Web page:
Novels and notes

I was never terribly won over by the novels of D.H. Lawrence, and Out of Sheer Rage is not making me change my mind about that, but it is interesting me in Lawrence’s other works, his letters and criticism.

(I was trying to trick you with my post title into believing that I’d finally moved on to something besides Out of Sheer Rage, but I haven’t — sorry! I will post about something else soon — the Elizabeth Bowen novel I just finished, for example.)

Geoff Dyer himself feels ambivalently about Lawrence’s novels; he knows he should re-read them for his book, but he really can’t bear to, and so he doesn’t. It’s not that he disliked them that much; it’s just that he has no desire to re-read them. Instead, he’d rather read more in the other material — the notes to the great works rather than the great works themselves:

As time goes by we drift away from the great texts, the finished works on which an author’s reputation is built, towards the journals, diaries, letters, manuscripts, jottings. This is not simply because, as an author’s stature grows posthumously, the fund of published texts becomes exhausted and we have to make do not only with previously unpublished or unfinished material but, increasingly, with matter that was never intended for publication. It is also because we want to get nearer to the man or woman who wrote these books, to his or her being …. A curious reversal takes place. The finished works serve as prologue to the jottings; the published book becomes a stage to be passed through — a draft — en route to the definitive pleasure of the notes, the fleeting impressions, the sketches, in which it had its origin.

I have not experienced this myself, or perhaps I haven’t yet reached that stage, except possibly in the case of Virginia Woolf, but I do find what he has to say about Lawrence’s notes and letters intriguing. He quotes from Lawrence’s wife Frieda to explain his attraction to these more ephemeral forms of writing:

“Since Lawrence died, all these donkeys years already, he has grown and grown for me … To me his relationship, his bond with everything in creation was so amazing, no preconceived ideas, just a meeting between him and a creature, a tree, a cloud, anything. I called it love, but it was something else — Bejahung in German, ‘saying yes’.”

Dyer goes on to write that he finds this “saying yes” most clearly in Lawrence’s letters — it exists in the novels but comes through most excitingly elsewhere. There’s something about Lawrence’s writing that makes a reader wish to have known him, in a way no one, he says, really wishes to have known E.M. Forster.

Dyer then connects these ideas about Lawrence’s notes and letters to his own writing:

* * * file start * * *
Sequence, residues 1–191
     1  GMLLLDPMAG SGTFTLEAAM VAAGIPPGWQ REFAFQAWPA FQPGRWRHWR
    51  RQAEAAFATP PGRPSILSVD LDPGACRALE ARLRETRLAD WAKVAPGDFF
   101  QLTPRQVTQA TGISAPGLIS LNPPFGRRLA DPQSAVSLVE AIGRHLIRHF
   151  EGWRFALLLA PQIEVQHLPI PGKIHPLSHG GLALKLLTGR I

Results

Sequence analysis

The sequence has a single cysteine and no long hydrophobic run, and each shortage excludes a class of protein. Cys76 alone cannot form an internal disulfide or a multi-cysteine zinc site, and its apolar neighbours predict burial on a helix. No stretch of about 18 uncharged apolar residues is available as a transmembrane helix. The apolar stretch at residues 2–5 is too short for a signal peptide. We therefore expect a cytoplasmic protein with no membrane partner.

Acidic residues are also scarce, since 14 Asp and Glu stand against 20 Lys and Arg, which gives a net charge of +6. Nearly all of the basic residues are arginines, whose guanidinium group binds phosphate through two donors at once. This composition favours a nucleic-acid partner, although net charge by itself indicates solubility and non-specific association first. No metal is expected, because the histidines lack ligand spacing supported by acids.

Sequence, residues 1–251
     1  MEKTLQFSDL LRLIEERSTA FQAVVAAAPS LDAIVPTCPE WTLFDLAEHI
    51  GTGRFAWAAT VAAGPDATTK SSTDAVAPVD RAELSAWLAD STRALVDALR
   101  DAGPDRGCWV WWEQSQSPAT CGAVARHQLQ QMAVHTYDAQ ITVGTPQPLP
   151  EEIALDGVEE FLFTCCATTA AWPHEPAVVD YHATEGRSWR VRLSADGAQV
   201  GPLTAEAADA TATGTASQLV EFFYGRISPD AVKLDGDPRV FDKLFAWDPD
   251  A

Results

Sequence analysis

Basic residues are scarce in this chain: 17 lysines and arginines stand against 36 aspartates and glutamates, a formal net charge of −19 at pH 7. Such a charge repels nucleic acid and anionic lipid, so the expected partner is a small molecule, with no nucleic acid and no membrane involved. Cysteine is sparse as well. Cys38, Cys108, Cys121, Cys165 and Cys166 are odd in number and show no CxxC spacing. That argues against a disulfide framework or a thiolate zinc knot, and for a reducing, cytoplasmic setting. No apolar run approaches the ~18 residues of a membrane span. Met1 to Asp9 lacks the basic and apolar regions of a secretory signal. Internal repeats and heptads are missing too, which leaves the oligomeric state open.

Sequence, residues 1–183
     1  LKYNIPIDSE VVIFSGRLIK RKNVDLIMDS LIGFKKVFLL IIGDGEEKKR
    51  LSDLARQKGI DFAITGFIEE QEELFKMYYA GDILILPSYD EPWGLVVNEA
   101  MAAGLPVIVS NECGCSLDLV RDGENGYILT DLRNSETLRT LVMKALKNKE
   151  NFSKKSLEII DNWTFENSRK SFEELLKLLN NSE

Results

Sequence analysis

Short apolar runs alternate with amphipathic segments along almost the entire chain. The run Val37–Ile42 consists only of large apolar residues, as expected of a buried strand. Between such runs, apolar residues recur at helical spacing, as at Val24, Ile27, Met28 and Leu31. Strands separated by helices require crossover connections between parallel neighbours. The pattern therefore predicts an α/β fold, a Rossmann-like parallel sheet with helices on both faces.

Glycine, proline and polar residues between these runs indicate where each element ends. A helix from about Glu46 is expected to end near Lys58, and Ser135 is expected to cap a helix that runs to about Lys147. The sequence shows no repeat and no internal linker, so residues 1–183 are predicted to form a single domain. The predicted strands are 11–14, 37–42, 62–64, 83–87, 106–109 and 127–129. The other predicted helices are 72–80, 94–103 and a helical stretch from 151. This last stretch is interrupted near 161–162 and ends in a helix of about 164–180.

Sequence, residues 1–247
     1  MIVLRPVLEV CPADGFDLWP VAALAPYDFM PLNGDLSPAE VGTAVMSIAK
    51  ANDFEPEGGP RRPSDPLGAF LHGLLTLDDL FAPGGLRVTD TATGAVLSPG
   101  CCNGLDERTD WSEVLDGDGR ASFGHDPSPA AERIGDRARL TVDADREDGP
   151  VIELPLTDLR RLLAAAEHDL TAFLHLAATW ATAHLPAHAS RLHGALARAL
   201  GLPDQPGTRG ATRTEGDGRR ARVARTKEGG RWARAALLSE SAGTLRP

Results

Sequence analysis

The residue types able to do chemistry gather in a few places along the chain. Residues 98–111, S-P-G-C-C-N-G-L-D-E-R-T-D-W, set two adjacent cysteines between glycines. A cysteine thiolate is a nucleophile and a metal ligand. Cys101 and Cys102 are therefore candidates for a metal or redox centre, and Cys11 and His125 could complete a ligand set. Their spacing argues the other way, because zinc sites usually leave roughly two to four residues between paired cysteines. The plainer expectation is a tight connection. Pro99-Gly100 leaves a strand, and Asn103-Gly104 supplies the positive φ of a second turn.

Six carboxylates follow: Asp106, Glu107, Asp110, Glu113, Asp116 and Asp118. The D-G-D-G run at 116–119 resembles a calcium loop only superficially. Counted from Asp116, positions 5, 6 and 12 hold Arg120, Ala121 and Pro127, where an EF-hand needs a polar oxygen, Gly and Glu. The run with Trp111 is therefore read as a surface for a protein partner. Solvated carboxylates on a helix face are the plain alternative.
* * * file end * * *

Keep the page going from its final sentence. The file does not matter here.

If this book aspires to the condition of notes that is because, for me, Lawrence’s prose is at its best when it comes closest to notes.

I do like this reversal of the traditional genre hierarchies, the “rules” that say that novels are more important and literary than letters and certainly more so than notes. I love the idea of aspiring to the condition of notes and would say that Out of Sheer Rage does have a note or letter-like quality; the ideas are developed, yes, but there is a rambling nature to the book, a spontaneity that you don’t often find in nonfiction.

Dyer gives Lawrence’s book Sea and Sardinia as an example of fine Lawrentian prose; Lawrence took no notes while visiting Sardinia, and wrote his book a few weeks afterwards based on memories:

The lack of notes, in other words, accounts for the book’s note-like immediacy. Notes taken at the time, on the move, and referred to later … would have come between the experience and the writing. As it is, everything is written — rather than noted and then written — as experienced. The experience is created in the writing rather than re-created from notes. Reading it, you are drenched in a spray of ideas that never lets up. Impressions are experienced as ideas, ideas are glimpsed like fields through a train window, one after another. Opinions erupt into ideas, argument is conveyed as sensation, sensations are felt as argument.

I wonder about this, actually — couldn’t it be the case that writing that seems the most spontaneous and impressionistic might be the writing the author most labored over? Wouldn’t spontaneity more likely be an illusion than a reality? I wonder if Lawrence really wrote the book in the way Dyer describes, and if, in fact, Dyer really wrote his book the way these passages imply he might have — carelessly, lazily, on-the-fly. Perhaps he labored over every transition, every seemingly-spontaneous and emotion-filled fragment and exclamation point.